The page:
Comment: What can save restaurants? Try hospitality

COVID-19 and inflation have brought restaurants to their knees, and everyone with a vested interest, from owner to chef to server to customer, seems to have an opinion on how to get them back up and running.

Permanent “parklet” restoration will save the day. Meal kits will be, or better pay, more compassionate work hours, menu price hikes, smaller menus, the addition of a wine shop or organized market, a reasonable owner – or a combination of the above.

It’s all dollars and cents, though; someone forgot to mention hospitality, the unquantifiable element that draws us to one food palace or neighborhood joint or food truck over another. Hospitality is the unsung hero of the dining experience, as essential as any spreadsheet item.

It’s easier to describe it by what it’s not: rambling, one-size-fits-all service, the kind where your water glass stays empty after the first fill, the waiter knows as little about the menu as you and has no energy to find out more, the wrong order arrives late and no longer hot – the equivalent of a prolonged shrug.

At the other end of the spectrum, just as bad but in a different way, is the kind of over-the-top service that leads to jokes about “Hi, I’m Bob, your server, and I’m going to chew your food for you this evening.” False hospitality is a semblance of heat in the same way that a microwave is a semblance of an oven – effective but superficial. The results lack depth.

And hospitality has nothing to do with the power-based behavior displayed by customers, usually men, who expect waiters, usually women, to endure flirtatious behavior in exchange for a tip. decent, or patrons of any gender who expect servers of any gender to tolerate excessive demands that make dinner special. Feeding ourselves is not supposed to involve feeding our ego.

True hospitality? To quote Supreme Court Justice Potter Stewart in a 1964 obscenity ruling, “I know it when I see it.”

I will go further: if we want to see it, we must be worthy of it. Hospitality is a relationship, not a delivery system, and the sooner we all respond, customers and employees, the better for our favorite restaurants.

Customers have reverted to some questionable pre-pandemic behavior as we return to restaurants — damning criticism of Yelp as another kind of power grab, pursuit of new restaurants as a competitive sport, demand for dining experiences that will compensate us in some way for everything we have endured over the past two plus years.

We are quite quick to be dissatisfied, and to say so. Take a moment to empathize, however, and consider the other side of the trade: restaurant workers trying to maintain a graceful presence in a battered industry that has seen thousands lose their jobs, thousands more turning their backs, continued closures and still uneven progress in work practices and culture.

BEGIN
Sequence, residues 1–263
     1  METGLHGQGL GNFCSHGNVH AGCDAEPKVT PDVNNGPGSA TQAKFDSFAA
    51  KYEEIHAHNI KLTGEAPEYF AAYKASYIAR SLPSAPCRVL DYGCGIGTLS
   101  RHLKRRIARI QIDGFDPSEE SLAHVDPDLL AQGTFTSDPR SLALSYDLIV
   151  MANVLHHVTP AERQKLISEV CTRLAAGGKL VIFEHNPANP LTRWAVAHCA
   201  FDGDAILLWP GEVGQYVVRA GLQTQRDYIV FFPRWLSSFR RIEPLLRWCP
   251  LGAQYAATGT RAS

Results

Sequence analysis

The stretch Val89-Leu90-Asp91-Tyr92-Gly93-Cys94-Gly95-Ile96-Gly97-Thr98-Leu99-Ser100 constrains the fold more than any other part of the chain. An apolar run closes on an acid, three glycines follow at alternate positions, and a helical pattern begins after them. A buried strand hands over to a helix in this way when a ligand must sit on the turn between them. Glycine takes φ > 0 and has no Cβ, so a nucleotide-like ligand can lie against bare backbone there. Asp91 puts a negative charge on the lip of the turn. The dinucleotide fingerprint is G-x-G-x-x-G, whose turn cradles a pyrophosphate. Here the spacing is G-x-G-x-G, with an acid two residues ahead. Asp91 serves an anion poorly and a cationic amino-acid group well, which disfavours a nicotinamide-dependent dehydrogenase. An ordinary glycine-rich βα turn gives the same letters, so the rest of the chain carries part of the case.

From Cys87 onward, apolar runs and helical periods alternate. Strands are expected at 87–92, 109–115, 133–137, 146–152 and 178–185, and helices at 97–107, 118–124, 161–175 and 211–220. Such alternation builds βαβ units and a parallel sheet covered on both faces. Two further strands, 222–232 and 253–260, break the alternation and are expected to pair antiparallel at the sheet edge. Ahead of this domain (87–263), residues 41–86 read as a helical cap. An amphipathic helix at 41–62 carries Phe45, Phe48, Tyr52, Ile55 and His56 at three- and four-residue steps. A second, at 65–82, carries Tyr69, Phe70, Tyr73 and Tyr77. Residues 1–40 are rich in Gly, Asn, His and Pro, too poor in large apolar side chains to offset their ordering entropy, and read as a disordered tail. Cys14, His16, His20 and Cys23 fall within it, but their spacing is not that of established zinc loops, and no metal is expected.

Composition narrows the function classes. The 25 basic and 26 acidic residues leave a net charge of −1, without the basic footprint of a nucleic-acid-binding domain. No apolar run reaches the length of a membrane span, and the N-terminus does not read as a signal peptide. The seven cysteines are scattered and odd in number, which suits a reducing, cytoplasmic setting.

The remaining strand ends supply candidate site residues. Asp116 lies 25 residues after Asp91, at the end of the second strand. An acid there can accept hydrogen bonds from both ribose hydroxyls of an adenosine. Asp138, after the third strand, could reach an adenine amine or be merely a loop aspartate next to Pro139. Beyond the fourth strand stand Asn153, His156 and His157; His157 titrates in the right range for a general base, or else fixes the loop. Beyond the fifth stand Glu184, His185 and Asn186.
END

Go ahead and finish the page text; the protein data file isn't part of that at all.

How about we engage with them a bit, look up to see exactly who gave us the menus, express our gratitude for a job well done?

We could build better, to use an expression, instead of sitting around waiting to be satisfied. Do not mistake yourself. I’m as quick as anyone to cringe at too little or too much attention when I go out to eat – but when the effort is sincere, it can’t hurt to respond in kind.

It could make life better for all of us. In the 1970s, Stanford University sociologist Mark Granovetter wrote about the importance of “weak ties,” our connection to the people in our lives who are not family but also not strangers. . And even if he wasn’t writing about restaurants, I’d say the theory applies, amplified by the pandemic.

I haven’t seen my close and cautious friends as often as I’d like amid various COVID spikes, but I have seen the baristas at my favorite beer garden, and as the weeks went by, our conversation grew. is extended beyond the intricacies of placing an order. Nothing major – I don’t know how they feel about Roe vs. Wade or January 6 – but enough to make me feel welcome and they feel appreciated.

Which is a lot, when you think about it, especially these days.

I don’t have a long list of restaurants to recommend, although I write about them and should know the next or best new places, but I’ve never been a scout. I like to come home when I go out to dinner, which is to say places that are really welcoming, which implies that I’m a person that a restaurant likes to take care of. Food sustains us; hospitality does too, in ways we can’t measure on a profit and loss account.

Culinary Agents, a professional networking source, recently listed the seven attributes it considers essential for hospitality workers – being a good listener, being humble, being honest and being an effective communicator, basics like that. It couldn’t hurt if those of us who received the table adopted them as well.

(Karen Stabiner is the author of “Generation Chef: Risking It All for a New American Dream”.)

Copyright 2022 Tribune Content Agency.

#Comment #save #restaurants #hospitality

Add Comment

%d bloggers like this: